New Blood Cells Data Have Been Reported by Investigators at University Clinic (Anti-oxidative effects and harmlessness of asymmetric Au@Fe3O4 Janus particles on human blood cells)
By a News Reporter-Staff News Editor at Life Science Weekly -- Research findings on Blood Cells are discussed in a new report. According to news originating from Jena, Germany, by NewsRx correspondents, research stated, "The physical properties of asymmetric Janus particles are highly promising for future biomedical applications. However, only a few data is available on their biological impact on human cells."
Our news journalists obtained a quote from the research from University Clinic, "We investigated the biological impact of different Au@Fe3O4 Janus particle formulations in vitro to analyse specific uptake modalities and their potential cytotoxic effects on human cells of the blood regarding intravenous injection. We demonstrate that Au@Fe3O4 Janus particles exhibit a similar or even better biocompatibility compared to the well-studied spherical iron oxide nanoparticles. The impact of Janus particles on cells depends mainly on three factors. (1) Surface functionalization: NH2-functionalization of the Au or iron oxide domain induces a pronounced reduction of cell viability in contrast to non-functionalized variants which is caused by the damage of intracellular membranes. (2) The nature of the metal oxide component, greatly affects cell viability, as shown by a comparison with Au@MnO Janus particles. (3) The overall surface charge and the size of nanoparticles have a higher impact on internalization and cellular metabolism than the Janus character per se. Interestingly, Janus particle associated DNA damage is independent of the effects on the cellular ATP level. However, not only the structure and functionalization of the Janus particle surface determines the particle's adhesion and intracellular fate, but also the constitution of the cell surface as shown by different modification experiments. The multifactorial in vitro approach presented in this study demonstrated the high capability of the Janus particles."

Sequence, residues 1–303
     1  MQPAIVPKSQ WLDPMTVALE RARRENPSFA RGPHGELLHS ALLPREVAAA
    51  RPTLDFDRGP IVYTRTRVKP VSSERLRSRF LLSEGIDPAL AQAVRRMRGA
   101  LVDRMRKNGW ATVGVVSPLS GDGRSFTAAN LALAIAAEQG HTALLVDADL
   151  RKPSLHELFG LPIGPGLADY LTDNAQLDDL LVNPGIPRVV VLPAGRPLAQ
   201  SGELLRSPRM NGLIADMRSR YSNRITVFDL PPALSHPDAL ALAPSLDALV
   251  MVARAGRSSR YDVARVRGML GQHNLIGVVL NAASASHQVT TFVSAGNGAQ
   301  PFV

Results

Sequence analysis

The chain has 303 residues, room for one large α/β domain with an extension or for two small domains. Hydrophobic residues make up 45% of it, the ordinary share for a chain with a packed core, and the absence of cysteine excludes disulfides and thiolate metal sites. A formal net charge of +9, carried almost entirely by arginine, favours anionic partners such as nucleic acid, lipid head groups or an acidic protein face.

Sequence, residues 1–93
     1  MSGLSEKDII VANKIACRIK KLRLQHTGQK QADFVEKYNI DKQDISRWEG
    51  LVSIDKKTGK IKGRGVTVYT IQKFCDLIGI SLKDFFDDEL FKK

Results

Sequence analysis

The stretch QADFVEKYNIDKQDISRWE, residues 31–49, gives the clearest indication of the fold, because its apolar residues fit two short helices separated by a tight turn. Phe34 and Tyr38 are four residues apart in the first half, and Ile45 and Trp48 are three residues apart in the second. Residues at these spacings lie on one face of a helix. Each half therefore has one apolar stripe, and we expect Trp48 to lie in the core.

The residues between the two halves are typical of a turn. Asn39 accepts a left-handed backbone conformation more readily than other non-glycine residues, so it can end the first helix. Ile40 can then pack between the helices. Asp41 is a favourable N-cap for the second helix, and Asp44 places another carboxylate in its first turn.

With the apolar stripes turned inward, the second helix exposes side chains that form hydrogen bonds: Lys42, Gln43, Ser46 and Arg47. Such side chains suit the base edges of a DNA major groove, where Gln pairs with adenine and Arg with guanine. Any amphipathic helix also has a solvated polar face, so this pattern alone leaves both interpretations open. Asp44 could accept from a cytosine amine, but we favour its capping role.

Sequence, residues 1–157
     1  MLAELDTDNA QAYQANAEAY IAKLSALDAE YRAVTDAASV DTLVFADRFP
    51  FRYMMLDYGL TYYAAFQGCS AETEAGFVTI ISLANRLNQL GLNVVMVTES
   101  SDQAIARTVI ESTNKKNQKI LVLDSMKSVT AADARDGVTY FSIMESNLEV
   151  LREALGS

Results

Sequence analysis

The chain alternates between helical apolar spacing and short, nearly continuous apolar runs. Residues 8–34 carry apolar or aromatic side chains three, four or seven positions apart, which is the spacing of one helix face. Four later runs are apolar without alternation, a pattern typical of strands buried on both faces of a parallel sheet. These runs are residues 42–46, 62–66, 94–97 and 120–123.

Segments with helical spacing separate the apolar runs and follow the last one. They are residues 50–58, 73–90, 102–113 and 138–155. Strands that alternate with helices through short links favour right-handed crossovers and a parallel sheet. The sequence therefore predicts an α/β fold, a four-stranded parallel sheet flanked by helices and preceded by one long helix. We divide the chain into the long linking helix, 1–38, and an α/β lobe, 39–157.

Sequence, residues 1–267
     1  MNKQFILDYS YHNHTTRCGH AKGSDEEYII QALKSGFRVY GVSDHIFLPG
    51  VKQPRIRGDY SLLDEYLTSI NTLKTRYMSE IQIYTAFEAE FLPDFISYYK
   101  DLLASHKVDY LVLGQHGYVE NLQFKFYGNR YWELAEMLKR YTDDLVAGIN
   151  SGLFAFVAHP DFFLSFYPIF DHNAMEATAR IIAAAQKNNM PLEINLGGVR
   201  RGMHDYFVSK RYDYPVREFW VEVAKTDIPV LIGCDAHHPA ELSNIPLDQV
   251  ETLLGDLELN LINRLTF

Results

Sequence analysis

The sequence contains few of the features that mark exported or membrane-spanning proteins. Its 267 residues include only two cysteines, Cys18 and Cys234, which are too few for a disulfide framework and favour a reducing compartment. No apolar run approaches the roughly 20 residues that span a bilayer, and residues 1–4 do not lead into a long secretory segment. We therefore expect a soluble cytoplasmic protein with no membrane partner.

According to the news editors, the research concluded: "Especially Au@Fe3O4 Janus particles bear great potential for applications in vivo."
For more information on this research see: Anti-oxidative effects and harmlessness of asymmetric Au@Fe3O4 Janus particles on human blood cells. Biomaterials, 2014;35(25):6986-6997. Biomaterials can be contacted at: Elsevier Sci Ltd, The Boulevard, Langford Lane, Kidlington, Oxford OX5 1GB, Oxon, England. (Elsevier - www.elsevier.com; Biomaterials - www.elsevier.com/wps/product/cws_home/30392)
The news correspondents report that additional information may be obtained from L. Landgraf, Univ Klinikum Jena, Inst Anat 2, D-07743 Jena, Germany. Additional authors for this research include P. Ernst, I. Schick, O. Kohler, H. Oehring, W. Tremel and I. Hilger (see also Blood Cells).
Keywords for this news article include: Jena, Europe, Germany, Blood Cells, Nanoparticle, Nanotechnology, Emerging Technologies
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